10 Key Ways Your Company Can Support Diverse Early-Career Talent
When was the last time your company audited its approach to recruiting and retaining diverse early-career talent?
Too often, early career-focused DEIB initiatives take a backseat to other hiring and recruiting priorities. Many companies allocate the bulk of their time and resources to finding and developing mid-career and more senior talent. But if your strategy for building out a robust pipeline of diverse talent doesn’t also include reaching folks at the very beginning of their career journeys, you could be at a major disadvantage later on.
What Gen Z Wants at Work
By 2025, Gen Z will make up 27% of the global workforce. People in this age group don’t always respond to traditional recruiting tactics, which, to Gen Z, can sometimes read as fake or overly transactional. And once recruited, Gen Zers come to companies with different expectations for what work should look like compared to previous generations.
For one thing, seeing their values reflected in their day-to-day work, including when it comes to DEIB, isn’t just preferred by many Gen Z professionals — it’s a requirement. And they have different expectations for the when and where of how work gets done, too. Those currently under the age of 24, for instance, are the demographic most likely to quit if required to return to an office full-time, a recent ADP report found. This means companies that hope to stay competitive among Gen Z candidates don’t simply need to offer location flexibility. They’ll also need to overhaul their onboarding and employee engagement processes to help bring young, diverse talent into their cultural fold from afar.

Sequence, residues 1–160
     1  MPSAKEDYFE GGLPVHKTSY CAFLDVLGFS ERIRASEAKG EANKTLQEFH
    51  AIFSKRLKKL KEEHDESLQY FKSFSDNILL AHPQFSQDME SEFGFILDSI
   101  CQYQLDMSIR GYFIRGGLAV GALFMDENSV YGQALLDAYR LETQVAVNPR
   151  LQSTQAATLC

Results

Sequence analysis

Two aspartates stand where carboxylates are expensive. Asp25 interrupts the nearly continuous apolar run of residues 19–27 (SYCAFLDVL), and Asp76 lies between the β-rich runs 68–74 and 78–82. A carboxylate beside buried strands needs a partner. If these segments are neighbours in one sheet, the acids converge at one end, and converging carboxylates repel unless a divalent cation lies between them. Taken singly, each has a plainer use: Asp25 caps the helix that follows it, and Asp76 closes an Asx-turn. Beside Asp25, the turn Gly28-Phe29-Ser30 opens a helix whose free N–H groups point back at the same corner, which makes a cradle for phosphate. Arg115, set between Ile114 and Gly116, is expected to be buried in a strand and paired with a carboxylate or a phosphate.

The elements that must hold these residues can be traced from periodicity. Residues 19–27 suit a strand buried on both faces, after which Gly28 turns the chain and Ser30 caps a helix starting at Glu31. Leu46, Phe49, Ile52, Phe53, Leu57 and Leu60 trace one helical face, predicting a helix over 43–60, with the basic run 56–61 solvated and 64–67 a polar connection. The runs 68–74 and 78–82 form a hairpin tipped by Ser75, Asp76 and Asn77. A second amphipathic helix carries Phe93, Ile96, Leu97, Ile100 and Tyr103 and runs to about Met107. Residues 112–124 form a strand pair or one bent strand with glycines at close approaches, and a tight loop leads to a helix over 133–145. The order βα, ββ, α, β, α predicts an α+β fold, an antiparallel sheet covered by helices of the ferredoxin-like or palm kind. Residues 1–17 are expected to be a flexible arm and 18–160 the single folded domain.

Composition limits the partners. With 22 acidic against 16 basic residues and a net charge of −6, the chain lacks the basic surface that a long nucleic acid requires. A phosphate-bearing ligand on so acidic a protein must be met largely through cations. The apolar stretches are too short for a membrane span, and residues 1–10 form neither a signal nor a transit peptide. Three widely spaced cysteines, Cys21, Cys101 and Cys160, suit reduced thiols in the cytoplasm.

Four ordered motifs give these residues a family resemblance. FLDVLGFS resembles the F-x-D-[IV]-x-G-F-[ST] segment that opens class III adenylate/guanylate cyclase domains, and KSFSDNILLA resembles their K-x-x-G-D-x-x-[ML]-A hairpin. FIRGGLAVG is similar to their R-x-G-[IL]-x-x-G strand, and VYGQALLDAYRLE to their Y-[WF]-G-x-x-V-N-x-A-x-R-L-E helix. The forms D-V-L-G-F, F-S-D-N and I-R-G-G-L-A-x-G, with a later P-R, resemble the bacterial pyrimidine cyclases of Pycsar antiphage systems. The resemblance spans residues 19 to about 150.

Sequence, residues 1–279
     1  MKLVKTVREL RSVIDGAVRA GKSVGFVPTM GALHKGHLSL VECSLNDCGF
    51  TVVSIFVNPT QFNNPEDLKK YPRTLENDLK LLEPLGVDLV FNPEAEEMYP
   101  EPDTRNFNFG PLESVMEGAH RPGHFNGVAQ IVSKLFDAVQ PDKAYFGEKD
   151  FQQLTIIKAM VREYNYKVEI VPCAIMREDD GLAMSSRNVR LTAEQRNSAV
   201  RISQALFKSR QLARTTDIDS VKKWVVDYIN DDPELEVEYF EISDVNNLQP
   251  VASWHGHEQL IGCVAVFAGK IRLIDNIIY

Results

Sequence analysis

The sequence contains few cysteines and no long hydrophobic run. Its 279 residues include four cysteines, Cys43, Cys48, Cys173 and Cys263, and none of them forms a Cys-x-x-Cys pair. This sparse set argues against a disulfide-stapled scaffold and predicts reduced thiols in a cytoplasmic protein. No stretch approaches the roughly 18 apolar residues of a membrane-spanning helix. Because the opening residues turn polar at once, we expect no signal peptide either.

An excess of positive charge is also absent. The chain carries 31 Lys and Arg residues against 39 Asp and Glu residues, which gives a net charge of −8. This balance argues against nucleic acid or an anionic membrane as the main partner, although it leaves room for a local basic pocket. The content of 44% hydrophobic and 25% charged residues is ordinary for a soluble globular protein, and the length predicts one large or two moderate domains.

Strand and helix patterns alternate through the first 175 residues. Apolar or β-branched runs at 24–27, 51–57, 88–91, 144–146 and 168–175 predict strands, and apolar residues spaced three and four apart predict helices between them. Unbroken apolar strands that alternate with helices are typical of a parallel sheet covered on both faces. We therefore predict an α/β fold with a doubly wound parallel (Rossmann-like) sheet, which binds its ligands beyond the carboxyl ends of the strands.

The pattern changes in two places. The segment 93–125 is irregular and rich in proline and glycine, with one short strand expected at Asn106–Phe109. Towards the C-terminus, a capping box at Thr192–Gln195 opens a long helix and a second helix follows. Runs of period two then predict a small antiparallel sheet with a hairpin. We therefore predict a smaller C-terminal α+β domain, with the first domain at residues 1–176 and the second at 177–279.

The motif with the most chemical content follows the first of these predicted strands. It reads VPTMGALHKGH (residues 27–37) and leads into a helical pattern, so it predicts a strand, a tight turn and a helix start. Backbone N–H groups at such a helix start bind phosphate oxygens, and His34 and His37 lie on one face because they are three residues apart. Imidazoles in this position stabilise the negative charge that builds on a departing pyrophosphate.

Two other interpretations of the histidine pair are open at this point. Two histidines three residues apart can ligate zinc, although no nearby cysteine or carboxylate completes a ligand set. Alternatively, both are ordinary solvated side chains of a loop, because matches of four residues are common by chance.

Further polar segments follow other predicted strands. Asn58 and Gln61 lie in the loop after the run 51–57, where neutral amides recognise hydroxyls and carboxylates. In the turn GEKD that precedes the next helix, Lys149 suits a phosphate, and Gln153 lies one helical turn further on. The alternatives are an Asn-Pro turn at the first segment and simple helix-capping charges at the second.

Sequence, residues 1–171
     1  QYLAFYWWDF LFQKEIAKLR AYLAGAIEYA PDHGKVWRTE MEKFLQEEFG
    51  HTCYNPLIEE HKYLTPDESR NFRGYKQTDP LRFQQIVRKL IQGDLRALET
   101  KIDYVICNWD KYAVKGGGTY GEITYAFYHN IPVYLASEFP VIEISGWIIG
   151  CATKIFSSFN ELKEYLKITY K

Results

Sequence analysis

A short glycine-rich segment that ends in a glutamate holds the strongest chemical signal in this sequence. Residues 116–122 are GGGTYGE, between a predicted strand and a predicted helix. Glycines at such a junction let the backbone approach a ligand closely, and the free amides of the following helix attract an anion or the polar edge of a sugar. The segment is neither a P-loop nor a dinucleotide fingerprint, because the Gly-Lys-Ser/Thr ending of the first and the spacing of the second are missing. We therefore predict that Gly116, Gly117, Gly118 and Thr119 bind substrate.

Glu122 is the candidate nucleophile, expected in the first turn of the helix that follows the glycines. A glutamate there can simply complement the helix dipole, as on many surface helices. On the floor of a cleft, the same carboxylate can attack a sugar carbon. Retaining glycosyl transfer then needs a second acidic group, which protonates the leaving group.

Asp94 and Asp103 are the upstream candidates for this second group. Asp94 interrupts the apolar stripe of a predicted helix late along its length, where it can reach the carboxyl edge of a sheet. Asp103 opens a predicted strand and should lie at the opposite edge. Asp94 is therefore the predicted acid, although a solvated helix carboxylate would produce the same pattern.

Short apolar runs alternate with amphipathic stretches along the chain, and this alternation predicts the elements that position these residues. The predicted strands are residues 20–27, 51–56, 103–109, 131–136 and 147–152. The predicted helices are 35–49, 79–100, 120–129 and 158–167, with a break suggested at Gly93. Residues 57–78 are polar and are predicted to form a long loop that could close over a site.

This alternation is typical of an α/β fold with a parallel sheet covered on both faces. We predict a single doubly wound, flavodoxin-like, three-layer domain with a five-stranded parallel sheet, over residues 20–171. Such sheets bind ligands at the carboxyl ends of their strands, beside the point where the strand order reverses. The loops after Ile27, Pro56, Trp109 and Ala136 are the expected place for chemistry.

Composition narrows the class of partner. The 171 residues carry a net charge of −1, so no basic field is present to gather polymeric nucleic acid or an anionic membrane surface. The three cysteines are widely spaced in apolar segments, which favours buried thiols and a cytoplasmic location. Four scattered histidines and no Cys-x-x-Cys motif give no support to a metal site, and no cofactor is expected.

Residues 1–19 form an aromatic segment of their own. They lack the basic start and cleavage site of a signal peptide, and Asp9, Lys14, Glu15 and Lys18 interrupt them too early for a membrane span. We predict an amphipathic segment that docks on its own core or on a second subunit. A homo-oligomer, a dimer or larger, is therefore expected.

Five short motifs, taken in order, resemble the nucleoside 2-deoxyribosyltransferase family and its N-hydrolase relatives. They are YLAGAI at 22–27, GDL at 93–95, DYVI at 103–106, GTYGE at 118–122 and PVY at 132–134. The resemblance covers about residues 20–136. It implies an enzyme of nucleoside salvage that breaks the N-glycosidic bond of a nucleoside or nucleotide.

Meeting Diverse Early-Career Talent Where They're At
Companies that hope to create cultures that support diverse early-career professionals should consider more than their employee engagement programming. They'll also need to keep in mind the obstacles, including financial challenges, that many in this group face when working to access the white-collar workforce in the first place.